The current NHS’ Summary Care Records system is “clunky” and "interfaces poorly with other ICT systems", according to a new report.
Staff who had attempted to use the electronic care records in a pilot programme found them complicated and difficult to use, the report by researchers at University College London warned.
System users struggled to keep pace with a raft of changes that had been made quickly, as the NHS faces pressure to deliver a programme that has already overrun by several years. Some GPs felt that trusts had put excessive pressure on them to use the system on a tightly-managed and non-negotiable timetable to, "despite the immaturity of technical solutions".
The report, called the ‘Summary Care Record early adopter programme’, monitored the use of the SCRs by four of the trusts that were first to use the system ahead of a national rollout. The UCL team interviewed 250 NHS staff from primary care trusts, GP practices, A&E, walk-in centres and out-of-hours services, as well as 170 patients.
The electronic record system is a key part of the government’s £12.4 billion National Programme for IT, and will contain basic information on patients’ details, prescriptions and allergies. More data will be added to them as patients are treated, and this is one area that has attracted controversy. The report questioned the way in which patient consent was being assumed unless the patient actively asked to be removed from the system.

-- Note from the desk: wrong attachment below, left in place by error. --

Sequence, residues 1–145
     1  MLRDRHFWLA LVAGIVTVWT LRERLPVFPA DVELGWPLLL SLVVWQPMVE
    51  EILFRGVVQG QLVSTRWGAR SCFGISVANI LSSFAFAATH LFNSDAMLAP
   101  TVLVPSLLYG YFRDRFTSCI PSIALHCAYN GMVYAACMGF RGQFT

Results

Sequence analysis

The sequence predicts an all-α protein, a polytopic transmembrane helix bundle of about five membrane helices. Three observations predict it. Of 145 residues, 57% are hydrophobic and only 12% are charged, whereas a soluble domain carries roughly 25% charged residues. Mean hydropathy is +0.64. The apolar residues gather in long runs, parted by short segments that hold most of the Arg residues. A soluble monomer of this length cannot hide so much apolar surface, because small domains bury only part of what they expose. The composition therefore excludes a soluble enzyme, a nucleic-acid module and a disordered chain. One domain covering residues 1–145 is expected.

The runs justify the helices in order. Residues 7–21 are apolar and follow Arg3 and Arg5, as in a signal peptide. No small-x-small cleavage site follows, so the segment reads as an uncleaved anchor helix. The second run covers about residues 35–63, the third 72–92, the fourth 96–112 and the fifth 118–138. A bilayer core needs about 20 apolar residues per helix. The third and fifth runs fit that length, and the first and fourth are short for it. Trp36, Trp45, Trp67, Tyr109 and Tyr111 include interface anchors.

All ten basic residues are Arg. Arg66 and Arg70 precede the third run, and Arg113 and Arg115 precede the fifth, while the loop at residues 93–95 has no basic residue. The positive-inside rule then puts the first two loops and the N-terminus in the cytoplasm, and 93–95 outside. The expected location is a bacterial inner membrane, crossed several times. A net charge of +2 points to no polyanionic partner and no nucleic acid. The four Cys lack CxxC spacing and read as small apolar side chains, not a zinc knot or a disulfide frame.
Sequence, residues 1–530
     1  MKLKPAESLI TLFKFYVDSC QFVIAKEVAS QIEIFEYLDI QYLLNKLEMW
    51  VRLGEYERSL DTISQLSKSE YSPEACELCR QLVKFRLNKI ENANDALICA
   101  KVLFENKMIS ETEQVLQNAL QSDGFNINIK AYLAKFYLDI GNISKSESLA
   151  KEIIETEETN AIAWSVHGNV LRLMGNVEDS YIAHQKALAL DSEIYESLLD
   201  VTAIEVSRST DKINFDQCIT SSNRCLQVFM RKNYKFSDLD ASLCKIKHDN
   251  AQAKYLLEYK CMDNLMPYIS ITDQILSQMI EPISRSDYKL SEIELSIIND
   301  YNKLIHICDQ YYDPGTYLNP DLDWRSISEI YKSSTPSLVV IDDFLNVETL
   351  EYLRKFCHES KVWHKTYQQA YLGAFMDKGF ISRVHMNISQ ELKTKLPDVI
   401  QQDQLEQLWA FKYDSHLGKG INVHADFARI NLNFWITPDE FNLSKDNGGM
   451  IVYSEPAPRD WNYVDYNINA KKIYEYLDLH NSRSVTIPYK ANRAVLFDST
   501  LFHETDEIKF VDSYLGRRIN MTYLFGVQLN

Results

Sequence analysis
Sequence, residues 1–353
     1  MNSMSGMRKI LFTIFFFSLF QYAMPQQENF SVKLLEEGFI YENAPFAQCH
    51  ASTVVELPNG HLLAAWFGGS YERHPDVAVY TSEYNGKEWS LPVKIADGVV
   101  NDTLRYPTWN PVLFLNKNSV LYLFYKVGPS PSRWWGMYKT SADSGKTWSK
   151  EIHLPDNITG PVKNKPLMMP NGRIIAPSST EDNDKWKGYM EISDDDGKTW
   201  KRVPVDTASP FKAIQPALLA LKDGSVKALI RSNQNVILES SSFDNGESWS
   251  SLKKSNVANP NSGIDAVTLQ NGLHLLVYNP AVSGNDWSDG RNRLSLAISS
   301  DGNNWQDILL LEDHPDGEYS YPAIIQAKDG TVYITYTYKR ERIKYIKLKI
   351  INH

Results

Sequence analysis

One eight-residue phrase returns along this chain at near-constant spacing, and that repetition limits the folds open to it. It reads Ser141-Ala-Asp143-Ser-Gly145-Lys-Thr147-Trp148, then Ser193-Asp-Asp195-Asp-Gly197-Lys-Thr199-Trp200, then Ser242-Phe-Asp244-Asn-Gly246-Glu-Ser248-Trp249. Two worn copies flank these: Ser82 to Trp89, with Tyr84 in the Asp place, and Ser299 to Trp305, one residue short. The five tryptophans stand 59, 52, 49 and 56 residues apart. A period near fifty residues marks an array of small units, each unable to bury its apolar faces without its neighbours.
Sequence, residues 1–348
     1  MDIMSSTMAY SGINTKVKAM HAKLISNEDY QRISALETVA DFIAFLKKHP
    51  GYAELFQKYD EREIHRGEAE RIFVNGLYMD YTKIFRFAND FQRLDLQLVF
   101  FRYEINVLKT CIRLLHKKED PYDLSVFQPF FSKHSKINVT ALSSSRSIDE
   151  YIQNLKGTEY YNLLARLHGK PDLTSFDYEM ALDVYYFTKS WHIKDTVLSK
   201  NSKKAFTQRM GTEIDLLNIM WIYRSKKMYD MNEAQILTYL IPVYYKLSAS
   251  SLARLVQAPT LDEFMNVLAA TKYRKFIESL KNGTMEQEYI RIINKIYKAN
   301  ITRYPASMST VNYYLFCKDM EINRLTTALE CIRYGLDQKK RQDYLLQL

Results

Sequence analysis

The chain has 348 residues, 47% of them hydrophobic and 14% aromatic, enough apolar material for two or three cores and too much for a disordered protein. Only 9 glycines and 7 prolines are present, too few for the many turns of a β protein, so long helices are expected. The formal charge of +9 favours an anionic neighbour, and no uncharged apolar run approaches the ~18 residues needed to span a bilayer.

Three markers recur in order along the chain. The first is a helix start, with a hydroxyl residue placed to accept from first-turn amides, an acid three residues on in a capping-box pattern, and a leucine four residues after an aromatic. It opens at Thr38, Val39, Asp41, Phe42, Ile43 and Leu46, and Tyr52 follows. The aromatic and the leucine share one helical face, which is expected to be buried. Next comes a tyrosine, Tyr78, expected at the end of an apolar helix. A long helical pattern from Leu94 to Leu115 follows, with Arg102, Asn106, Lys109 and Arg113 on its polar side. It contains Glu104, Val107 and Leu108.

GPs had raised “important questions” about the ethics and even legality of this assumption as many patients in the early adopter sites did not understand the programme, despite information they had been sent, the UCL team said. Two GP surgeries opted out of the early adoption scheme in objection to the consent model.
While eight in ten patients said they accepted the system, some of the rest were “strongly opposed” to it, the report warned. A number of GPs had chosen not to participate in the programme, choosing to wait until after data quality improvement work had been completed.
In two of the early adopter sites - Bolton and Bury - over 150,000 care records have been created. No timetable has been announced for the national rollout.
Adopting SCRs was not a case of switching on a system, but rather a "socio-technical change", the report warned. The NHS would now face challenges over careful staff selection and training, work routine realignment, and explaining clearly to patients what their options are, it said.
The report noted that comparable technology in Scotland, called the Emergency Care Summary, was found to be working well, two years after rollout.
Last month, the government admitted that security issues remained on the summary care record, but nevertheless proposed extending system access to local pharmacies. It has also previously been proposed that the care records could be shared with social services.
In 2007 the British Medical Association wrote to health minister Ben Bradshaw calling for a halt to the roll-out of patients’ summary care records until the results of pilot projects had been fully reviewed.
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